Steak Marinade - I know, I know...
I'm with you guys when you say that a good cut of beef doesn't need any marinade, but let's just assume for a split second here that not all slices of beef are perfect sirloin steaks.
Some are harder to grill and need that extra time in the sauce to become really tender. When you come across such a steak you better have a plan B, a truly awesome marinade that you can use.
I normally buy sirloin and use salt, black pepper and olive oil and it usually turns out to be a great bit of meat after all. Here is what I came across the other day.
You can apparently use soy sauce, onion, mustard, and Worcestershire sauce to prepare beef. I don't know what to say about Worcestershire that doesn't offend the minds behind the design, but with that many other things in the recipe I find no good reason to avoid this recipe.
The original makes enough for several steaks, so adjust the portions accordingly.
- 1 cup vegetable oil
- 1/2 cup soy sauce
- 1/3 cup red wine vinegar
- 1/4 cup fresh lemon juice
- 3 tablespoons Worcestershire sauce
That much for the sauces, combine and mix them. Here comes the 'meat' of the marinade:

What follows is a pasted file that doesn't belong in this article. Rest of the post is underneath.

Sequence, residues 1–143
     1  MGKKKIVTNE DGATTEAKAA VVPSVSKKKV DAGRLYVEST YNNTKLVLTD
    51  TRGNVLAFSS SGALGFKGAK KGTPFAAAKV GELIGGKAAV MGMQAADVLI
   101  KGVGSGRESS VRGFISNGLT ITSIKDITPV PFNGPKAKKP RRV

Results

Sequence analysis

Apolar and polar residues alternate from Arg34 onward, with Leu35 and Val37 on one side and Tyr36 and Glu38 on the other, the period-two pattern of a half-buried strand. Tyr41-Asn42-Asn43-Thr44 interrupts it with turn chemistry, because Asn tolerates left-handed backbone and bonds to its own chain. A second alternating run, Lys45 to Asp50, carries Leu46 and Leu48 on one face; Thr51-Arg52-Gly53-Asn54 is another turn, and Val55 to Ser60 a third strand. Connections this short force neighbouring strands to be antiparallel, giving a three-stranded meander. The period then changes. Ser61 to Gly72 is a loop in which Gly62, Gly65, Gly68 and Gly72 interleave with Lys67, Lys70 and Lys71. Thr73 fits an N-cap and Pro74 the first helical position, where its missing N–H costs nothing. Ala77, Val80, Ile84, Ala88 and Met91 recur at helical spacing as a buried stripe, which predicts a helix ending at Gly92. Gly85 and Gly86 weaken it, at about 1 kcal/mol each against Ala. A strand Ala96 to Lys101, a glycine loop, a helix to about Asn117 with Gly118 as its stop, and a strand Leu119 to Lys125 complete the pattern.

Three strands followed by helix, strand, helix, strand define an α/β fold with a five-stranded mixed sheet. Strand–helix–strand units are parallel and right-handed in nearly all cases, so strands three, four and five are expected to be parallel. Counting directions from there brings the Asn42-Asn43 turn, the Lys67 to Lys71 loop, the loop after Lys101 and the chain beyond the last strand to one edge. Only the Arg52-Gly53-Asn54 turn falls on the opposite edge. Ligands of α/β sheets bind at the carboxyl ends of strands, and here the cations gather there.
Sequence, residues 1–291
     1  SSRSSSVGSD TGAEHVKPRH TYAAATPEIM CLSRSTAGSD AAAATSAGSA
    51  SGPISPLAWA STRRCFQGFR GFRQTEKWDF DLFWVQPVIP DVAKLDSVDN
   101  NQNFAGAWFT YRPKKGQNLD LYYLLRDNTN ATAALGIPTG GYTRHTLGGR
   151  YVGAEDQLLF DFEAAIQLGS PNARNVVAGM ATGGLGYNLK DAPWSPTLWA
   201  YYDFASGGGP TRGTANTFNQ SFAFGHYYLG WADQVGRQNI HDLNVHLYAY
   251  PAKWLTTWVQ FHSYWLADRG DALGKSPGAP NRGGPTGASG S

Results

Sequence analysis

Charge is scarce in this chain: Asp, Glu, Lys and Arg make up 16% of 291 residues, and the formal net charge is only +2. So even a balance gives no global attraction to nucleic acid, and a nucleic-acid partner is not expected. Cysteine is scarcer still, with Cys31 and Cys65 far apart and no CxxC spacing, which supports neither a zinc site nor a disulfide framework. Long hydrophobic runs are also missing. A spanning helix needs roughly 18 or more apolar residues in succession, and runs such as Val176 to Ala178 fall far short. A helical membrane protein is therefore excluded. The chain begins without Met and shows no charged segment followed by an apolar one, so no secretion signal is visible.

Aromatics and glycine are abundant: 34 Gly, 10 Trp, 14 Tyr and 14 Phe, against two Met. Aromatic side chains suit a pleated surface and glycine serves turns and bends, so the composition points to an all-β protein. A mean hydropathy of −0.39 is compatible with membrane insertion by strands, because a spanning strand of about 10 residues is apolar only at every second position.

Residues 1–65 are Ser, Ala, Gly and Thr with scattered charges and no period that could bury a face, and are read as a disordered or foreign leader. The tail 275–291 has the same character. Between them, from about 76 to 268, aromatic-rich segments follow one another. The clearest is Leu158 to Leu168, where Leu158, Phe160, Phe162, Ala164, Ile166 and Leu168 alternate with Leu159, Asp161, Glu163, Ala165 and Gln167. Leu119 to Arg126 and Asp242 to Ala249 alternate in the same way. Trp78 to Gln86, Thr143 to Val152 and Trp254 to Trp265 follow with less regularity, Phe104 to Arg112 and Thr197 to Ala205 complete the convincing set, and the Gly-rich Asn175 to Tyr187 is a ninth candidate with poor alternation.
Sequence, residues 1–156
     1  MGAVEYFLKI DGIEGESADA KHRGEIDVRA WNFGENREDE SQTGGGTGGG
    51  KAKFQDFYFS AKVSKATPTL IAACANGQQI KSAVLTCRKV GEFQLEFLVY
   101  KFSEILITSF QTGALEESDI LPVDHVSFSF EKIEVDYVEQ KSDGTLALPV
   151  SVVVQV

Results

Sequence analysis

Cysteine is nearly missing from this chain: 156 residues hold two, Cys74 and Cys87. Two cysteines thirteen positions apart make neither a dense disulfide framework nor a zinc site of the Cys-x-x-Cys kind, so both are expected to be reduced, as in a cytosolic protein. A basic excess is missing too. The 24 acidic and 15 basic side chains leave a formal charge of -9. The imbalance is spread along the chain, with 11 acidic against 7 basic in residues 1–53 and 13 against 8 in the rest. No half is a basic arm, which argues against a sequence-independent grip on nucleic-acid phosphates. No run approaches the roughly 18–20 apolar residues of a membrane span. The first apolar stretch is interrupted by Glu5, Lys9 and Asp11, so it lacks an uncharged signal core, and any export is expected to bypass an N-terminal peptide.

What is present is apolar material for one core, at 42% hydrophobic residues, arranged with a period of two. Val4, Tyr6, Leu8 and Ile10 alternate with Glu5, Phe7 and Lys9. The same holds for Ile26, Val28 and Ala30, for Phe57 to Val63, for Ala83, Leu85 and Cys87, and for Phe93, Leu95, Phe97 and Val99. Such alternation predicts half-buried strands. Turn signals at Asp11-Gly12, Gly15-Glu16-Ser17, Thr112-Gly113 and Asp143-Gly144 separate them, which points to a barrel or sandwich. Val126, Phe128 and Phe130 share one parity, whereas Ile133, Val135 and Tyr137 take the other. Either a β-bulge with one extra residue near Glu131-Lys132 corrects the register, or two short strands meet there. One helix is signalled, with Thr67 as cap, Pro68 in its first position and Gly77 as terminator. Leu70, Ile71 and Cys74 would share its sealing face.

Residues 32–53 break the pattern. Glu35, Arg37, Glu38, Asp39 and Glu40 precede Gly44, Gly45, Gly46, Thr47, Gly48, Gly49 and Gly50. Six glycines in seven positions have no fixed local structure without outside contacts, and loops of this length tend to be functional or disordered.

- 1 tablespoon freshly ground black pepper
- 2 tablespoons Dijon-style prepared mustard
- 1 onion, sliced
- 2 cloves garlic, minced
There are several points I'd like to highlight to make sure the first pair of meats don't land in the bin. Soy sauces are manufactured according to about five million different recipes, and there is no 'one size fits all'.
If you plan on having a control over the salt level of the marinade you better buy soy sauce that is either salt free or is reduced in salt content. 1/2 cup soy sauce that is salted can make the whole thing so salty you'll spend more time refilling your glass than eating the meat.
Second, the Dijon-style mustard is spicy as hell. Taste it before you whack two tablespoons of it into the mix. You see? That's what I'm talking about. The recipe is there as a yardstick, but deviation from it is rather a must than an option.
You can add one or two tbsp. A1 sauce to it to overwhelm the soy sauce taste.
Let the meat do its job for 12/24 hours before you put it on the bars. Depending on the weather, temperature of ember and another dozen different signals it can take 6-12 minutes per side to make a well done steak.
Rather than watching your clock like it's your boss, look at the meat. The more done it is, the firmer it's going to feel against the fork. You can sprinkle the steaks with some leftover sauce while they're on the grid, but it's not mandatory.
Serve with your favorite side dish; roasted or grilled vegetables or jacket potato works exceptionally well. Bon Apetit!
Thanks Geoff Peters 604 and jetalone for the pictures!
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